The following two witness seminars focus on the policing of Devonport. Once a town in its own right, Devonport was amalgamated with Plymouth and East Stonehouse in 1914 to form the unified town of Plymouth. Synonymous with the Royal Dockyard, today Devonport has the second highest score for deprivation within Plymouth’s 39 neighbourhoods. Anti-social behaviour, poverty, and life expectancy also fall under the city average by a clear margin.9 Devonport, in past and present contexts, has always presented clear challenges for policing. In the first of these seminars, serving and former police officers and PCSOs share their experiences and challenges when policing the neighbourhood. Topics such as police and community relations, the behaviour of naval personal, drug dealing, and the night-time economy are all raised. In the second seminar on Devonport, the panel is made up of representatives from third sector organisations with a stake in the community responses to everyday crime or social enterprise more broadly. These include Hamoaze House (a local charity that offers rehabilitation facilities for families affected by the problematic use of drugs and/or alcohol), Shekinah Mission (a local charity that provides opportunities for people who are experiencing all forms of homelessness and other challenges), Real Ideas Organisation (support for individuals and communities in finding solutions to social problems), the Salvation Army (an evangelical Christian church who helps support poverty and homelessness in the community), and the Devonport Naval Heritage Centre (holds collection and hosts interactive experiences related to the relationships in Devonport between the Royal Navy and the people).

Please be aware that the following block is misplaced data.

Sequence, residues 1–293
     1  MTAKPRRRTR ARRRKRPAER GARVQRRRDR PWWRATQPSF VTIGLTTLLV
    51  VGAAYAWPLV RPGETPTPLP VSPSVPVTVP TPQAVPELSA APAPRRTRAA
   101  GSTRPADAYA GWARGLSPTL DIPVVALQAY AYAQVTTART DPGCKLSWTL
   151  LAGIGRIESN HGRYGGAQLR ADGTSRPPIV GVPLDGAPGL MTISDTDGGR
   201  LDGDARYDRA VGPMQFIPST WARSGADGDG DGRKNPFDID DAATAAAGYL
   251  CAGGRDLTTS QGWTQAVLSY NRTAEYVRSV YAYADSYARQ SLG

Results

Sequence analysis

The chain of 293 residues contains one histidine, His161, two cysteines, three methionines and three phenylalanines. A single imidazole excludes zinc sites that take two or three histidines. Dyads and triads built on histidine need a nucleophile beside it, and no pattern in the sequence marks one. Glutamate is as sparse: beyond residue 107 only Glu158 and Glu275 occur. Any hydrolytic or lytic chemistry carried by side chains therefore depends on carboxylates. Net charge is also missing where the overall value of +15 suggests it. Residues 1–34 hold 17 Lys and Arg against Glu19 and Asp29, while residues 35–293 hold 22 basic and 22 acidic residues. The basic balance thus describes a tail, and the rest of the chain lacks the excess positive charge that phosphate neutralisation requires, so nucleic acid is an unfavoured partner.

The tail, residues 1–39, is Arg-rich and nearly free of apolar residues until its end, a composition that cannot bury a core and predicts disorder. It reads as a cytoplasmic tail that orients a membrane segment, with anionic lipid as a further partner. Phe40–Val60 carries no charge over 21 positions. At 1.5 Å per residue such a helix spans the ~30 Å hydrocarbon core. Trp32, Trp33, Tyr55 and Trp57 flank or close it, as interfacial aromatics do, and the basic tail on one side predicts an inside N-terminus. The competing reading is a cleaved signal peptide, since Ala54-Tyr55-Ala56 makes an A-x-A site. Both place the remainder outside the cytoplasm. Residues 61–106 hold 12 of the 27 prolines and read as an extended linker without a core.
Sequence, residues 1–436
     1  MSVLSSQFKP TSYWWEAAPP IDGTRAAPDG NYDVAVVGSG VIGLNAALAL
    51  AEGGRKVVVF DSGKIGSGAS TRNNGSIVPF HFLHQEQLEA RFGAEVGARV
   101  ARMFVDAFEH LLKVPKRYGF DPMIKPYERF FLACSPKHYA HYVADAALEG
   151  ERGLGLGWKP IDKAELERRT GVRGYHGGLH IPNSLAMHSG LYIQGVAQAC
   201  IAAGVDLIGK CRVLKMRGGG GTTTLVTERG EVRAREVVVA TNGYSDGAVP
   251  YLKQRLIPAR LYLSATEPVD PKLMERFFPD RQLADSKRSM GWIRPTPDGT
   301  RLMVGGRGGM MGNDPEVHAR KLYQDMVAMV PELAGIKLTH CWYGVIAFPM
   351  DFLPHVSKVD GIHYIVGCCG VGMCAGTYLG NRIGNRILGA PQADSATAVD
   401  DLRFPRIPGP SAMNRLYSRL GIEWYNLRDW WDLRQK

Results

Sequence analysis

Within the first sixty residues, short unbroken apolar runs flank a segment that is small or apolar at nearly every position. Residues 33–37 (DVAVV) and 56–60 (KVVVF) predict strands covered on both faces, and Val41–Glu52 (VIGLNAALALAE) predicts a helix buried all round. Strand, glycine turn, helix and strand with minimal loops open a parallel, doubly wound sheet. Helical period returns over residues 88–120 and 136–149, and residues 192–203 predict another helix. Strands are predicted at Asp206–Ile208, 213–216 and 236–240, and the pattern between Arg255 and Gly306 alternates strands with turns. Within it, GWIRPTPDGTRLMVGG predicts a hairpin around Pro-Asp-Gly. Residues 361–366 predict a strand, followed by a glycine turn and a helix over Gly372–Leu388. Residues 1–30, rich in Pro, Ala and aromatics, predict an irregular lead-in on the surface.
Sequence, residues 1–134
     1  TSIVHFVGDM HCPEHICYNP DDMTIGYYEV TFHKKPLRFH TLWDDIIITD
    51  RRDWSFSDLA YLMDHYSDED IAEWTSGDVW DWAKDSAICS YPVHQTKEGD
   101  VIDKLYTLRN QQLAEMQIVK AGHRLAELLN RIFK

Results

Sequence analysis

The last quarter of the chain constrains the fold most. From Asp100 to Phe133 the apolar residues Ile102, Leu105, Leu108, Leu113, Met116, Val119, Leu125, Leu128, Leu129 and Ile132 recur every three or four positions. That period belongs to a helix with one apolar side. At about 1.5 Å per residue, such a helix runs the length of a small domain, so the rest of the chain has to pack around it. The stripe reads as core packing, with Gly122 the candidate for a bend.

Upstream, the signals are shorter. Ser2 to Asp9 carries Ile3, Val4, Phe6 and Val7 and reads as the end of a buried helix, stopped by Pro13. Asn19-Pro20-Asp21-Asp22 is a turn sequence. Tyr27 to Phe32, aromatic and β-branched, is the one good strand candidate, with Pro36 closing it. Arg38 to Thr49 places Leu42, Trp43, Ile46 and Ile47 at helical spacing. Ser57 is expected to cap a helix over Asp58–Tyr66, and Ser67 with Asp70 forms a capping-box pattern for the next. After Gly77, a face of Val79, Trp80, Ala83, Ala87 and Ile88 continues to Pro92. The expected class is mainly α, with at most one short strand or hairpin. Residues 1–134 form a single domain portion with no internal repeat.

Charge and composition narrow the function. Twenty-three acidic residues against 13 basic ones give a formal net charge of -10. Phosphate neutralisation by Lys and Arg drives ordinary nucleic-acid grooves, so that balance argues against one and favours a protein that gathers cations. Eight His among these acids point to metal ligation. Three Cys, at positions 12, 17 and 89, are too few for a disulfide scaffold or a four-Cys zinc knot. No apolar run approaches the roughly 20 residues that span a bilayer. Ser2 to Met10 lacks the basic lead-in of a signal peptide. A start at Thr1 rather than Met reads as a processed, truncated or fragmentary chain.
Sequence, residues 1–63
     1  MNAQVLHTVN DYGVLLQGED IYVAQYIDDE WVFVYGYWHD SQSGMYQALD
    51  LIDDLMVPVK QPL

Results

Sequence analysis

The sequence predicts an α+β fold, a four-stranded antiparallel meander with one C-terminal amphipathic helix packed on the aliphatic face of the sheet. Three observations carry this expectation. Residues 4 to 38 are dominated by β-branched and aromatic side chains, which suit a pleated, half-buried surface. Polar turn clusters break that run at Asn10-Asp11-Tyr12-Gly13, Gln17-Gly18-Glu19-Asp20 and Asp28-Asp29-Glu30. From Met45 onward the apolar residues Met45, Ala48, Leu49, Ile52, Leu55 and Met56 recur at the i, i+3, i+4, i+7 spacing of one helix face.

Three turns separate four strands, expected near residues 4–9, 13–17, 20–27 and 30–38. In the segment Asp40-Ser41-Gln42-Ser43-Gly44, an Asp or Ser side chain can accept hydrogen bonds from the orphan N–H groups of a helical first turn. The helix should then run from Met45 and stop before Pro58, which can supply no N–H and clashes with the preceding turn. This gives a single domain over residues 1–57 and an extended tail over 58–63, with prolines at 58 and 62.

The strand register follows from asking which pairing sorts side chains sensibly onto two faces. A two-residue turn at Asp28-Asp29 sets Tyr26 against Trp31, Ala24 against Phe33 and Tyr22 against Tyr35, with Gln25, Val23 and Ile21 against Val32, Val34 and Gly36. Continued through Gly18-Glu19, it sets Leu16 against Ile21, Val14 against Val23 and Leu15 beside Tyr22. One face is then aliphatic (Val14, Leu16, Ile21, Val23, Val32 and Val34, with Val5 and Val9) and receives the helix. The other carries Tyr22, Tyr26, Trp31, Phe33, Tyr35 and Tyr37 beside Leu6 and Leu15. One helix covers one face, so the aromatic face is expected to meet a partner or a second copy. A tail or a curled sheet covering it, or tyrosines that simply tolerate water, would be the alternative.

Through the variety of research articles and witness seminars presented in this issue, the connection between past, present and future is made explicit. They demonstrate the need for critical approaches that connect disciplines, such as law and criminology, to methods of historical thinking. Academic research and practitioners within criminal justice settings need to challenge the immovability of traditions, identify continuing social harms, challenge the traditions that only intensify inequality, and strive for social justice.
Finally, I would just like to thank all the contributors and the peer reviewers. We hope all you enjoy this issue.